Additionally, I learned how what I refer to as “graduate seminar discourse” should and should not sound like. Graduate seminars should absolutely never resemble Kanye cutting off Taylor Swift on national television – “I’mma let you finish, but…” – and should always include building off a peer’s contributions, asking tough questions of the material and of a peer’s statements, and should always be centered on the reading and material for the day. My professors at Texas State University always did an excellent job at facilitating good graduate seminar discourse, and were quick to point out when the conversation devolved into rambling “well, I think…” statements.
[MastersinCommunications.com] Could you please describe your experience preparing for and taking your comprehensive capstone examination? What were the components of the exam, and were they tailored to your individual course of study? What advice do you have for students in terms of preparing for their comprehensive exams?
[Christopher Wernecke] My experience preparing for and taking my comprehensive exams? An IV of coffee and hair loss. Nah, I’m just kidding. My professors in the Department of Communication did an incredible job preparing us for this exam so that while I was nervous, I was also confident. From the beginning, my professors stressed that these exams, “comps” as we referred to them as, were designed to be a “conversation” where we moved from student to colleague in the discipline. Our comps were mostly tailored to our individual course of study – but even if we individually identified with a more humanities/rhetorical approach to communication studies, we were still asked about social scientific approaches to the discipline, again emphasizing the “Renaissance Woman/Man” focus of the program.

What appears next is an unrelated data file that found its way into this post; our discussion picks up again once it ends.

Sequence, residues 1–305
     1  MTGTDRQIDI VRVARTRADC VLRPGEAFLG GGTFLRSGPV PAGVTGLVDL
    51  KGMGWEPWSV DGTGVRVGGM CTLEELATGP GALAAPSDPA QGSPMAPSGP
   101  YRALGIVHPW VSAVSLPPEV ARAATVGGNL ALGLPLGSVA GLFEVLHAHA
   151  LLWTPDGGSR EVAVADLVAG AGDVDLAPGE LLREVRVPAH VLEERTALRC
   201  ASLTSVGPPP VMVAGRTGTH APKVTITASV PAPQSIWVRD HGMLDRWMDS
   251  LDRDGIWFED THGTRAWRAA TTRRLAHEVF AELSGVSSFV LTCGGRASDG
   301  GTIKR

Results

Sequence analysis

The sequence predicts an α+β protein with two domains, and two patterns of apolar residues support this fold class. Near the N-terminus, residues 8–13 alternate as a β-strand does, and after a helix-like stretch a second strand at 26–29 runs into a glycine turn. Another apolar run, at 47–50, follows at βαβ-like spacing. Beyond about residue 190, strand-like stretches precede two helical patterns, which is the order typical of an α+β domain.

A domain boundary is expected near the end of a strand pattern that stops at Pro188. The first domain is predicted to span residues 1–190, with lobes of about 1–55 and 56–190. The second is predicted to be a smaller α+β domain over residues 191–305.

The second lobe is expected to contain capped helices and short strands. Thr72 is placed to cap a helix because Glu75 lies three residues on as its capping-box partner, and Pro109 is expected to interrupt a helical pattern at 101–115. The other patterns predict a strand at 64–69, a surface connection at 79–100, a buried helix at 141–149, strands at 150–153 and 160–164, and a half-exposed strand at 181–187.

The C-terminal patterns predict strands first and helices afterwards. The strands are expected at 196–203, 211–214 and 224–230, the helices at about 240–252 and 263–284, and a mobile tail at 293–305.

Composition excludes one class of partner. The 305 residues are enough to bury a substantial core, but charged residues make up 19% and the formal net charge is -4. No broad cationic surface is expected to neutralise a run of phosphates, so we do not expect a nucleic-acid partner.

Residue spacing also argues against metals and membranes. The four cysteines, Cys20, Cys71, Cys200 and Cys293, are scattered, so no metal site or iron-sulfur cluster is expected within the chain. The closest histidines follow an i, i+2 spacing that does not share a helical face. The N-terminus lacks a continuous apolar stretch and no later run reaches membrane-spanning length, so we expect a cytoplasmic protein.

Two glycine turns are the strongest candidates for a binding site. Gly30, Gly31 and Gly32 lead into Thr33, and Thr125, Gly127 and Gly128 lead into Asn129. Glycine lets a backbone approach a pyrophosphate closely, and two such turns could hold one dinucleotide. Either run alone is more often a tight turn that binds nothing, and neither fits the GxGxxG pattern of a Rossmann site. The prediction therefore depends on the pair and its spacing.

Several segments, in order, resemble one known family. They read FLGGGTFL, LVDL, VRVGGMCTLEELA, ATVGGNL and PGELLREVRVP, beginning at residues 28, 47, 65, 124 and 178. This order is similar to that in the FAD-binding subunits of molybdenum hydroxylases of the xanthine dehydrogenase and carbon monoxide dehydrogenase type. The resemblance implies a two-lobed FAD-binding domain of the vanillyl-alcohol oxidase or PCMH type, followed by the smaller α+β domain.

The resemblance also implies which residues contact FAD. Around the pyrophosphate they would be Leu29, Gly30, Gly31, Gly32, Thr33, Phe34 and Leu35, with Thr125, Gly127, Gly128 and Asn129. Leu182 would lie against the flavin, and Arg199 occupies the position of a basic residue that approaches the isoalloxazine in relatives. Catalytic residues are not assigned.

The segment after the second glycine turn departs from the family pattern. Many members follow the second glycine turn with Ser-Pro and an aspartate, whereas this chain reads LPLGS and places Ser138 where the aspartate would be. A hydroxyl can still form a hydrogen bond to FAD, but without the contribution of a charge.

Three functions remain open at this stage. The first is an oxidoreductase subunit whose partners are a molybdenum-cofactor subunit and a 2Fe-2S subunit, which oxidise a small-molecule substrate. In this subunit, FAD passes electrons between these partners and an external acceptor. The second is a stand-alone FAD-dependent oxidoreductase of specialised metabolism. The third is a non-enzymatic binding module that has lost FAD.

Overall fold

We were able to select the faculty members to facilitate the conversation, and I prepared for the exams by first tracing the “big” questions and discussions my area of communication explored and what these questions and discussions meant for Communication Studies writ large. Rereading significant journal articles, going over notes from class, and sometimes going down the “reference list rabbit hole” really helped me trace the “so what?” question that academia demands while also walking me through the scholarly development of key ideas.